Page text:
(Note: Be sure to read over the entire recipe as there are two ingredients lists and two sets of directions in addition to sauce suggestions.)

Ground Beef Pasties

Filling Ingredients

1 TBS vegetable oil
1 large yellow onion, chopped
1 lb ground beef
2 large potatoes, cubed small (approximately 3 cups)
3 large carrots, cubed small (approximately 1 cup)
1 cup peas
salt and pepper to taste

Filling Directions

In a large-size skillet add oil, potato and salt and pepper. Cook on medium-high heat until potatoes change from a solid white to an opaque white. Then add in the carrots, cooking for 5 minutes. Add in the onions and continue to cook for 7 minutes, stirring continuously. Add in meat, breaking into small pieces. Season with salt and pepper. Turn down heat, add peas and cook until meat is no longer red; stirring well. Set aside.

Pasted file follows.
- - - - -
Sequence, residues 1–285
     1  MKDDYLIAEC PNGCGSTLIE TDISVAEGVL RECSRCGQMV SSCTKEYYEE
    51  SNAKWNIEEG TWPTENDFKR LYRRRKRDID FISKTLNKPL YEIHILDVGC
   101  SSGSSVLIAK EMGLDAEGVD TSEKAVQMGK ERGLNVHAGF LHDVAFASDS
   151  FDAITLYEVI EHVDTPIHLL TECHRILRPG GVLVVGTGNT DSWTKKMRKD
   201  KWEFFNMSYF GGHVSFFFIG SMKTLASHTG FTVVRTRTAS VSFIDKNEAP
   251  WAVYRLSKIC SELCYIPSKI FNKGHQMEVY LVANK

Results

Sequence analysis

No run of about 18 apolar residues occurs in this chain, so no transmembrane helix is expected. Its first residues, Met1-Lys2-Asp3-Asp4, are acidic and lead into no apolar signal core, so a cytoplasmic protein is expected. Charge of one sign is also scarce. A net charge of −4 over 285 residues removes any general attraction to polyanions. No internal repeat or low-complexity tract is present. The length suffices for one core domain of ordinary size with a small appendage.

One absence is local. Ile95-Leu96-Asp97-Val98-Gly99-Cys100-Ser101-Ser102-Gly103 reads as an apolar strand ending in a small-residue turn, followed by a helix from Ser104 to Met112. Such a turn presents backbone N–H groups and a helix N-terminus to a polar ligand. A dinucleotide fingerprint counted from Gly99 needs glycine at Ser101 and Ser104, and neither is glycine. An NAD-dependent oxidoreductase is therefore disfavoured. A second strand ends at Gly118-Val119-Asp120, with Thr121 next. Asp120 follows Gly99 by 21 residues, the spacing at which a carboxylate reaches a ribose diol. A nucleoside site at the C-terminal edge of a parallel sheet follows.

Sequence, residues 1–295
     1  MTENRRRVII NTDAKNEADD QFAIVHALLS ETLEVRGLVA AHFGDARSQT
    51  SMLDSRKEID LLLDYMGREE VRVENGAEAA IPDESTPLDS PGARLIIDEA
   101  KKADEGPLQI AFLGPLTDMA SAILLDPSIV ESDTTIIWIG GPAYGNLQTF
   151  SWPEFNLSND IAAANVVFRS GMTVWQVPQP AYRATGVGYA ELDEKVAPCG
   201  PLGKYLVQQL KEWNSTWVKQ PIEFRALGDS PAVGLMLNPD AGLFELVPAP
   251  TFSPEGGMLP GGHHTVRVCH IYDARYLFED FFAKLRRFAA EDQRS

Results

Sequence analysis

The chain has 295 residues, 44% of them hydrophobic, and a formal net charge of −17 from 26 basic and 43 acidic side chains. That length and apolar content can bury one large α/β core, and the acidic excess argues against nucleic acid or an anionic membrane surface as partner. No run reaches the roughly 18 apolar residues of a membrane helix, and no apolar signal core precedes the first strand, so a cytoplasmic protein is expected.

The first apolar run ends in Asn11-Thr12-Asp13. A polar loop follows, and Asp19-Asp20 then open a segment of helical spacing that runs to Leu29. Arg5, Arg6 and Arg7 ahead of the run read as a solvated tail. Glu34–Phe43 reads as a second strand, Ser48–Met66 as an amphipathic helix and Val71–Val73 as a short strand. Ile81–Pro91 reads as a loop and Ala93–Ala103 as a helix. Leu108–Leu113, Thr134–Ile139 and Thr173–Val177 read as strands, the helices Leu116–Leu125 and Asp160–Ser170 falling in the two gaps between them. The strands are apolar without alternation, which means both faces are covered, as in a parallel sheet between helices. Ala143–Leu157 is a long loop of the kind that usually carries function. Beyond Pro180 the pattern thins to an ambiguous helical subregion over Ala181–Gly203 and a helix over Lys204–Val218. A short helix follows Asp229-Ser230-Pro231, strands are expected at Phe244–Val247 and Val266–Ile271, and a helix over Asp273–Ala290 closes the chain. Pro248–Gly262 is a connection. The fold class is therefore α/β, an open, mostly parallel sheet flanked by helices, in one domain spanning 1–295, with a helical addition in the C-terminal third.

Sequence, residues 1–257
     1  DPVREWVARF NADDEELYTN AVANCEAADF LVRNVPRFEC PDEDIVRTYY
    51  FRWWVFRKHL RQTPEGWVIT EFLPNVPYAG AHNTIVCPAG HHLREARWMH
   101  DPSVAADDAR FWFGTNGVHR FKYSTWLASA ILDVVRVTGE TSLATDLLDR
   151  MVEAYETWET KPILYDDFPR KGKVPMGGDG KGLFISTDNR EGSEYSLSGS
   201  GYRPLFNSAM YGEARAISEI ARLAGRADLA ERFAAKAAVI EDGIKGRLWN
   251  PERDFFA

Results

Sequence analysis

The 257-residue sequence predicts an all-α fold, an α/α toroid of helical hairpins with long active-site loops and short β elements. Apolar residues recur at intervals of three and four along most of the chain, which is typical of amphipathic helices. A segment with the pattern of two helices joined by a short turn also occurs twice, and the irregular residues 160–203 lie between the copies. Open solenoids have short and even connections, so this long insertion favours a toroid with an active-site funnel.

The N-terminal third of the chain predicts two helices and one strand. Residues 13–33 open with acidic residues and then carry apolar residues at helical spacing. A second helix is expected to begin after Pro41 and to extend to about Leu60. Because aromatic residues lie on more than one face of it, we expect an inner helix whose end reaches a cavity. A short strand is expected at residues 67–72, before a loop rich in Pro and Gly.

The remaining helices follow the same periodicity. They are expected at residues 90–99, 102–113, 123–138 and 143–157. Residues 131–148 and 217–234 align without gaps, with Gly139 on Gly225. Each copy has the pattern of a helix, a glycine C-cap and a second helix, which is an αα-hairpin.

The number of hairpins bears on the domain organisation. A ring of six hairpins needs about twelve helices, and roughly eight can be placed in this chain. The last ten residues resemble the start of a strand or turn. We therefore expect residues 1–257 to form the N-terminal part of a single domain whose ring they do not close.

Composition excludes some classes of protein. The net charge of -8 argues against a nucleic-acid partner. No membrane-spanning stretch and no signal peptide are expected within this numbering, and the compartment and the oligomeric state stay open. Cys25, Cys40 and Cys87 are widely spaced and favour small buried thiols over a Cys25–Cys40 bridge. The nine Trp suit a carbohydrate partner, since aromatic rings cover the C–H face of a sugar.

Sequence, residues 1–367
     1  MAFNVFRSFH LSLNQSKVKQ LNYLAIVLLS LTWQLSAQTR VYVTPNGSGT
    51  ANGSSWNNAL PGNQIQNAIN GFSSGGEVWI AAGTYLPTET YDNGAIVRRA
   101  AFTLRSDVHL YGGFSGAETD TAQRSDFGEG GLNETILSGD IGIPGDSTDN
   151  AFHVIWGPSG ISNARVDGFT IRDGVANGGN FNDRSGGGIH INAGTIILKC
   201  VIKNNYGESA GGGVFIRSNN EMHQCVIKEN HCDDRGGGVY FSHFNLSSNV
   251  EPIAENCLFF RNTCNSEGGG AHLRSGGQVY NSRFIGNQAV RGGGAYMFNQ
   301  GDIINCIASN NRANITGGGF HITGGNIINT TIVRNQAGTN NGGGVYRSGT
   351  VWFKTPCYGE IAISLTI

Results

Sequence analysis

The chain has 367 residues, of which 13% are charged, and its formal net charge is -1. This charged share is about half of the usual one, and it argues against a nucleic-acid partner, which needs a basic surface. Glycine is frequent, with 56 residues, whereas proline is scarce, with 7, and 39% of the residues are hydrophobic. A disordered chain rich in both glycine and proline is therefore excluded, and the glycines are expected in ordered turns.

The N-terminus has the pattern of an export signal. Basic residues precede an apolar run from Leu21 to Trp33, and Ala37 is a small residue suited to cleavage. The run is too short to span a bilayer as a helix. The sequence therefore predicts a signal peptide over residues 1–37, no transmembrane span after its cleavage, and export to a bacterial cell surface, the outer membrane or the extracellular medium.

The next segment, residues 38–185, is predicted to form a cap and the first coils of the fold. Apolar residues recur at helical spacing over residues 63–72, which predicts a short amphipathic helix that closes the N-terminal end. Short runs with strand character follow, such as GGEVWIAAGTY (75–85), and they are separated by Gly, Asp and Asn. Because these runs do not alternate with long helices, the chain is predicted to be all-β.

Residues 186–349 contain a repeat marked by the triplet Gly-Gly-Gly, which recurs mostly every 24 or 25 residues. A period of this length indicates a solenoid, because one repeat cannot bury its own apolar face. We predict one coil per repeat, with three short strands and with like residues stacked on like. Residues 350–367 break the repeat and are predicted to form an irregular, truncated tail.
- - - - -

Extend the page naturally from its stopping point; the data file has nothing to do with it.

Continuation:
With this quantity of filling I was able to make 36 pies and still had a bit of meat left over. If you are making the crust from scratch, you will want to at least triple the recipe below.

Crust Ingredients

2- 2/3 cups flour
1/2 cup salted butter
1/3 cup water
12/ tsp vinegar
1 large egg
2 TBS milk

Note: If you are in a time crunch you can use pre-made pie crust cut into the designated size or the Hispanic supermarket also sells La Saltiña Tapas, which are pre-cut and ready to use. If you opt for this method, continue directions from ‘filling the crust’.

Crust Directions

In a medium-size bowl cut butter into flour. In another bowl mix water, vinegar, and egg. Divide into 8 small balls. Using a floured board, roll out each ball into a circle that is approximately 4-inches.

Place filling in center and fold the crust over the filling until it forms a semi-circle.

Push the edges together with a fork. Poke holes in the top and brush with egg and milk mixture. Cook at 400 degrees for 35-40 minutes.